After being searched for 7 months as a missing person the body of Lieutenant Colonel Arthur Hakobyan, Chief of Staff of the Jrakan (Jabraili) military unit of the Artsakh Republic, was found on April 21. For many of us, he became famous from one of the reports prepared by “Zinuzh” [military TV program] during the war, where he was saying: “Hit them, hit them.”

Hakobyan was appointed head of the Jrakan military unit headquarters in February, 2020. The 37-year-old commander had studied at the Airborne Military Institute in Ryazan, Russia in 2001-2006. A Sniper School was established in Armenia in March, 2011, and he became a senior professor at the school, then headed the school. He studied at the Frunze Military Academy in Moscow from 2017 to 2019. He was appointed Deputy Commander of the Martuni-2 military unit of the Artsakh Republic in August, 2019.

According to the lieutenant colonel’s father, Davit Hakobyan, he regularly talked to his son during the war, but he knew he could not ask many questions.

“It was not us who was calming him, but he was comforting us,” recalls the father. The last time Arthur’s voice was heard, was by his 6-year-old son, when, after midnight, the lieutenant colonel called home, asked to wake the boy up and spoke to him very briefly. Davit Hakobyan is sure that his son already knew what was going to happen and called to hear the boy’s voice for the last time.

“He knew what a war meant. There are few people who have gone through military path like him. Take a look at his biography and you will understand how well he would have imagined everything.”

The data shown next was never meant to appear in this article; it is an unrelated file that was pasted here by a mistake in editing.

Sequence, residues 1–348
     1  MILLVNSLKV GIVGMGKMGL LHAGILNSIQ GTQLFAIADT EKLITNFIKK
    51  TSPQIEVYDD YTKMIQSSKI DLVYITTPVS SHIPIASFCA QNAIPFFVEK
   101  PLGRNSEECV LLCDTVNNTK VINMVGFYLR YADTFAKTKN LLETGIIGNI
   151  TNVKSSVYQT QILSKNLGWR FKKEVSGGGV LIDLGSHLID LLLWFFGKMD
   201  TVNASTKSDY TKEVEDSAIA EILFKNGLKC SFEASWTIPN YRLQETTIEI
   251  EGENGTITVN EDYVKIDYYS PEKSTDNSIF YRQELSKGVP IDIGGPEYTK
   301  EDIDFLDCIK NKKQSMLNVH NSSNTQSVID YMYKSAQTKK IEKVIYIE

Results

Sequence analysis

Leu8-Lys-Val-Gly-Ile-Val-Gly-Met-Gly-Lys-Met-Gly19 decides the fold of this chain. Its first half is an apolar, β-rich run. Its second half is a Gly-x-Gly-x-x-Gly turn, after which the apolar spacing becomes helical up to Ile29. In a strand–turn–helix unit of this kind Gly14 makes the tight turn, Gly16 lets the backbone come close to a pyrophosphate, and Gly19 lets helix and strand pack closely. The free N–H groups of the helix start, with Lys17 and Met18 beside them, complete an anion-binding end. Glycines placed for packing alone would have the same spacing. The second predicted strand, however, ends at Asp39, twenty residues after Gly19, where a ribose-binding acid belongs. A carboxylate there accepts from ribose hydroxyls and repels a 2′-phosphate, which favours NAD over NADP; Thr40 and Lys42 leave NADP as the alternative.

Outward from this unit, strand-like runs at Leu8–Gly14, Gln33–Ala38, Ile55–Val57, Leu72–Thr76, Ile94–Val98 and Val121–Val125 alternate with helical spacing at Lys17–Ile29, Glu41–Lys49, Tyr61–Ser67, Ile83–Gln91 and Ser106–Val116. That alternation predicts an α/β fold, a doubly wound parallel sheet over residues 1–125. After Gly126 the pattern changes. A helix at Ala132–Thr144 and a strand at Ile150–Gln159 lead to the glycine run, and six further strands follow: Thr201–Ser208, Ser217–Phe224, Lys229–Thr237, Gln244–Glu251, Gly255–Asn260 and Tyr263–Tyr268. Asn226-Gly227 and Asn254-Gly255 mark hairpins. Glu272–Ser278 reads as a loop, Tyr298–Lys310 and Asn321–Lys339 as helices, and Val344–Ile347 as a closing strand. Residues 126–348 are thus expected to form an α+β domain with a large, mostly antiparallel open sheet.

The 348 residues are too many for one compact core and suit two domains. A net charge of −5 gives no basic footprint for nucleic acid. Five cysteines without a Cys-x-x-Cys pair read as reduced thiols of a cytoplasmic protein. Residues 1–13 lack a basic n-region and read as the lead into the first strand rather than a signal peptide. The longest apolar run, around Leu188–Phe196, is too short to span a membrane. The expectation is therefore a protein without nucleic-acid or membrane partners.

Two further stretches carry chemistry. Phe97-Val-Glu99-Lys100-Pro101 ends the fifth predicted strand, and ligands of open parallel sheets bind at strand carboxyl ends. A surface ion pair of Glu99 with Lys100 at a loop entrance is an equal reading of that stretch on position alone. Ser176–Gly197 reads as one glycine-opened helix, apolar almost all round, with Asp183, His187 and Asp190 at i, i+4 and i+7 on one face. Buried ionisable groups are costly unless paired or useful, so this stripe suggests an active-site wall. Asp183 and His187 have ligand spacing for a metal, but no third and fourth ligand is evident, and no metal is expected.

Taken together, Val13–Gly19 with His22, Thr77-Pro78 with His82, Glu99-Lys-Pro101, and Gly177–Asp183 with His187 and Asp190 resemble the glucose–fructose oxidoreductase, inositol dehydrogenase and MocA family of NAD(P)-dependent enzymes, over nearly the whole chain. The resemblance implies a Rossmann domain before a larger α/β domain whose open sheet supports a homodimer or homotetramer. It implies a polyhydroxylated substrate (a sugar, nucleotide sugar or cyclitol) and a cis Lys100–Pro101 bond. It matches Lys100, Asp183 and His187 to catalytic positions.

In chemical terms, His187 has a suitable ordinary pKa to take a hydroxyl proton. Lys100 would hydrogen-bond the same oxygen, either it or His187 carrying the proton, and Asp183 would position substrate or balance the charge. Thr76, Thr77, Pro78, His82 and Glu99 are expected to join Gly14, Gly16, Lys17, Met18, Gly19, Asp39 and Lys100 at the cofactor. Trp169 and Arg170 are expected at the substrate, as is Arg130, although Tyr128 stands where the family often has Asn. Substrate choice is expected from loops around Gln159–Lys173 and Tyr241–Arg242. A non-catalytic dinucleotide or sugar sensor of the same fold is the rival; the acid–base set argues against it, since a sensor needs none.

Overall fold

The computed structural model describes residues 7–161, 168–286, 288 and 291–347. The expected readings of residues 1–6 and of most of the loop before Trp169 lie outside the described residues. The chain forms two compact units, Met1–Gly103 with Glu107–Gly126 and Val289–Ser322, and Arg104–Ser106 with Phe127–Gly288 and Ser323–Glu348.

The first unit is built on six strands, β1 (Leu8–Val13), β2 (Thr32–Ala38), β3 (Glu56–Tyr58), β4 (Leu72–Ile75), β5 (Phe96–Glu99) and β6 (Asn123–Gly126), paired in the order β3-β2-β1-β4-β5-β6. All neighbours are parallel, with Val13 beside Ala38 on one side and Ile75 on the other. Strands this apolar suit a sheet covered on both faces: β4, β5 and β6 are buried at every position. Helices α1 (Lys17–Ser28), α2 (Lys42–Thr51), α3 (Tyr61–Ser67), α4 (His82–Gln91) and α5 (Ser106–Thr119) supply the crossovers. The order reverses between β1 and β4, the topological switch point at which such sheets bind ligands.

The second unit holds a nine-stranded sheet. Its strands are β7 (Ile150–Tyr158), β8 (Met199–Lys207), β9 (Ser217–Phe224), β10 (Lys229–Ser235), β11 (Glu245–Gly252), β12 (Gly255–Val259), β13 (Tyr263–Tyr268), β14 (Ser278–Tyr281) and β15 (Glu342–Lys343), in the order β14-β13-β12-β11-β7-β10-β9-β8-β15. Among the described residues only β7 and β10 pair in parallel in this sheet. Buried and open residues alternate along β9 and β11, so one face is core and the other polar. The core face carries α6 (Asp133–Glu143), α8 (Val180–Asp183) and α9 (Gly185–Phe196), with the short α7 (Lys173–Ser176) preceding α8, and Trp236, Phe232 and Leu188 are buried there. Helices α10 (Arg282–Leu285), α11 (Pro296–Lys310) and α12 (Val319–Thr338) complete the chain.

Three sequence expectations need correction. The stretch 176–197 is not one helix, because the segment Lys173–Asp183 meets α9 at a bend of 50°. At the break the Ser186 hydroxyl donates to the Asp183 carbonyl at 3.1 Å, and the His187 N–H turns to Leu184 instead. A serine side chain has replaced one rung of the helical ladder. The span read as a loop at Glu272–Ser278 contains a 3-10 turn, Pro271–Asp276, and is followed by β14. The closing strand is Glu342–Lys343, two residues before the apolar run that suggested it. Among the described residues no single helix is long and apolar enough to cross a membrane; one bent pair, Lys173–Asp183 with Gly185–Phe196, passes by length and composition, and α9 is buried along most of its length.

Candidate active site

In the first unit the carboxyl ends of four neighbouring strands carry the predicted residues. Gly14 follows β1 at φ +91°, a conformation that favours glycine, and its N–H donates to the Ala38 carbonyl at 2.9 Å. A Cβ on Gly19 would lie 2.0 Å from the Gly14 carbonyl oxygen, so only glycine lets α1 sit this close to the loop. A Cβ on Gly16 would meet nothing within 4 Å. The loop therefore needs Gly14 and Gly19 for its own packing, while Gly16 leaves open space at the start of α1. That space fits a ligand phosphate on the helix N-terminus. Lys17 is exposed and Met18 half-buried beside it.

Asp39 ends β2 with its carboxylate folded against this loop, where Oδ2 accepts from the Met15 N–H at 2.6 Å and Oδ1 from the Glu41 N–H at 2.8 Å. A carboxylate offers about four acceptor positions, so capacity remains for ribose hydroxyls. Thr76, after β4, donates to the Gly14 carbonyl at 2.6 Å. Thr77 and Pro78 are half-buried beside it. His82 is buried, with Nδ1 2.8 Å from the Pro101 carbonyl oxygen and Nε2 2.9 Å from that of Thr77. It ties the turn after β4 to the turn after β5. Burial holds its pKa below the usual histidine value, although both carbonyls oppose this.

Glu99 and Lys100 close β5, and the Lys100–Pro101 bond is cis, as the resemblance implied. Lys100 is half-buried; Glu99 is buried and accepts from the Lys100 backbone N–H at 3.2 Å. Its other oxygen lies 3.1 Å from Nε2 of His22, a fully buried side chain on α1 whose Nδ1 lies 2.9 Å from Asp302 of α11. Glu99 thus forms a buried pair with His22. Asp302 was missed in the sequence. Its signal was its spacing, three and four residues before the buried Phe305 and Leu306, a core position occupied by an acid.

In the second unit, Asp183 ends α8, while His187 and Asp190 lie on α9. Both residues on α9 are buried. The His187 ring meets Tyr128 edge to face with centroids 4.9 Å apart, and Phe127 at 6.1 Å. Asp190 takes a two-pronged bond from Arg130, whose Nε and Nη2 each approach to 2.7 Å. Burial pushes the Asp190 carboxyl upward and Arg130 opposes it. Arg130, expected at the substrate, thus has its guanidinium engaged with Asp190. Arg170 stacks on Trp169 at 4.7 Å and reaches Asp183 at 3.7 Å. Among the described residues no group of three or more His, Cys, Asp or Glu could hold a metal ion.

According to one of the hypotheses, Arthur was killed on October 5, during the attack on the military unit. He personally drove out to meet the enemy. After that, the Armenian armed forces withdrew from the territory of Jrakan and the details of what happened are no longer known. The lieutenant colonel was posthumously awarded the Order of the Battle Cross of the 1st degree.

The 7-year-old son found out about the news of his father’s death recently, when, entering the living room, he saw the program about his father being shown on TV. He did not say anything to the family… he just left the room.

At the entrance of Garni community of Kotayk region you can see a big poster with Hakobyan’s photo, which has an inscription “You have won!”. This community suffered eight casualties in the war.

Ani Gevorgyan

Ani Gevorgyan is a journalist, photographer, and the winner of the Freedom of Speech Award. She has participated in photo exhibitions at the UN headquarters (New York) and the Geneva office, the Palace of Europe (Strasbourg), Paris, Rome, Berlin, Vienna and elsewhere.

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